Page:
Nearly 40% of smartphone owners have used their device to listen to a streaming music service while in their car, according to new research by NPD Group on automotive connectivity. Devices and ways to connect them have become a serious focus for the auto industry. 79% of car owners are using a digital device in their cars.
It appears at this point that streaming in the car is used to supplement listening to traditional radio – according to NPD’s Ben Arnold, seventy three percent of drivers report still using their FM radio “always” or “most of the time” during car trips while more than half (57 percent) of vehicle owners say a CD player is vital in their decision to buy a car stereo or entertainment system.
The desire to consume connected content is a challenge for the auto industry as well – as they focus on best ways to integrate mobile connectivity into the car with minimal driver distraction. Apple’s voice controlled Siri and Microsoft’s motion controlled product found in Kinect are technologies that automakers are looking to integrate into the equation.
Meanwhile, in place of smooth integration, consumers are finding ways to connect their mobile devices using auxillary inputs (18%), USB ports (11%), and Bluetooth technology (56%). This fact – that consumers are so interested in developing workaround ways to use their connected devices in their cars, is a huge indicator of the desirability for a more connected dashboard.
“The key is for auto makers and traditional audio manufacturers to facilitate consumer use of connected devices in the vehicle, allowing content from the smartphone, tablet, or digital media player to easily stream or be controlled through the deck mounted in the dashboard,” Arnold said. “We’re only going to see greater consumer attachment to social media, streaming audio and video, and other services as content options grow.”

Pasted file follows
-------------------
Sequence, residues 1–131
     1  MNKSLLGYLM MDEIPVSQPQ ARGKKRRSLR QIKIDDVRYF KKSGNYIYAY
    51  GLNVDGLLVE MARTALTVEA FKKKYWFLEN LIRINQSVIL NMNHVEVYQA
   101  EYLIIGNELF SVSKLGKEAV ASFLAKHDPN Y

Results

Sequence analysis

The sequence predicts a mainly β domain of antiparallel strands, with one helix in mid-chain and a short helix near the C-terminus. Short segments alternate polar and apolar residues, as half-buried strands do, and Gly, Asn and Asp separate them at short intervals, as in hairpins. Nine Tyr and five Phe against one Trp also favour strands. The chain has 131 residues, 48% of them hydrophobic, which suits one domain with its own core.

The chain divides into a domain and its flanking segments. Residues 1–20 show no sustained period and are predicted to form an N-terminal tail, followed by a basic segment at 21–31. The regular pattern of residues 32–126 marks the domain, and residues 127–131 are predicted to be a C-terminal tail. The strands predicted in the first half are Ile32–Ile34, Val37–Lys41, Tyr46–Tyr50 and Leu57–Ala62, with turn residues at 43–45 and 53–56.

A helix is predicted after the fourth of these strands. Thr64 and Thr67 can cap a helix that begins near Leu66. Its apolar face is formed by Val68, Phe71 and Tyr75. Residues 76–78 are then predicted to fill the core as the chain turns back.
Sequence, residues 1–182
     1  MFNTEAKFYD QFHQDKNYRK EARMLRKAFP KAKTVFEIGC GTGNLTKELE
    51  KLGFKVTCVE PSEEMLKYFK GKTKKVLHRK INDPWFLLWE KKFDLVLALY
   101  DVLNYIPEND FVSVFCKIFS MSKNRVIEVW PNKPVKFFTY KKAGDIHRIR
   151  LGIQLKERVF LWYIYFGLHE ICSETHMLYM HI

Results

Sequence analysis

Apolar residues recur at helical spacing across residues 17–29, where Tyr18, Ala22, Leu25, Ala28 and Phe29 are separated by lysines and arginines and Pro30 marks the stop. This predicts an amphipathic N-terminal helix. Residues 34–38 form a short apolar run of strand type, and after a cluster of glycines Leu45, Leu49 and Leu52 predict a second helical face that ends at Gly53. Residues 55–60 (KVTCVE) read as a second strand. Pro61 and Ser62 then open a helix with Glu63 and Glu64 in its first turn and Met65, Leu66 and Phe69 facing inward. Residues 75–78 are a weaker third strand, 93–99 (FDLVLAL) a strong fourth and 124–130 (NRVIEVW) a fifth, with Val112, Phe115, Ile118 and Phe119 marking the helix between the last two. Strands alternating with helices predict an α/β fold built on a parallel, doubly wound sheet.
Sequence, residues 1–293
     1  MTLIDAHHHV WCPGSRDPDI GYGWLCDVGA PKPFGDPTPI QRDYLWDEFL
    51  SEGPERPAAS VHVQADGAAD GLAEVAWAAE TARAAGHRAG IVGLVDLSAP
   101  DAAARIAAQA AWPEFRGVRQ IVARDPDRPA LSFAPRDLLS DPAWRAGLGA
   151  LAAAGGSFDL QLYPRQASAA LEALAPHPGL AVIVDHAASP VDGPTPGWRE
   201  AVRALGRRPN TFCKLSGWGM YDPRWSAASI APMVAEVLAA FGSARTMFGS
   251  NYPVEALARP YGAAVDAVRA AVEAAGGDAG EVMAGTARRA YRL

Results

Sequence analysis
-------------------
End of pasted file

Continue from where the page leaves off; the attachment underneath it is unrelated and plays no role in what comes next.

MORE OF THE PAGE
Not to be outdone by recent enhancements by Spotify and Pandora, Last.fm has rolled out a new interface for Last.fm Discover that is easily the best looking offering I’ve seen by a streaming station. It’s based on HTML5 and was developed in tandem with Microsoft to showcase the new capabilities that HTML5 in Internet Explorer 9 can offer.
Last.fm Discover is a customizable, personalizable offering that focuses on new music and artists. Launched a few months ago, the offerings are influenced by Last.fm’s charts of what listeners are scrobbling and listening to on Last.fm.
The site is very playful and inviting – perfectly suited to the Discover theme – rolling green textured hills invite you to explore the various music genres. It’s a fun and inventive look that feels more like a game – listeners can’t help but poke around, relax, hang out and discover new music. Once you select a genre, it shows you some artists and endless options for listening to similar artists, or taking a new direction. It’s addictive – I found it hard to stop clicking. (The screenshot reveals my affection for K pop..)
While much of the new site can be seen in any browser, the experience is enhanced in Internet Explorer 9. In fact, I’m a Chrome user and this got me to open IE for the first time in a while. “What we want is to see more and more websites using as much of HTML5 as possible and one of the reasons for that is we want websites to be more like apps in the way they feel,” explained Ian Moulster Microsoft product manager.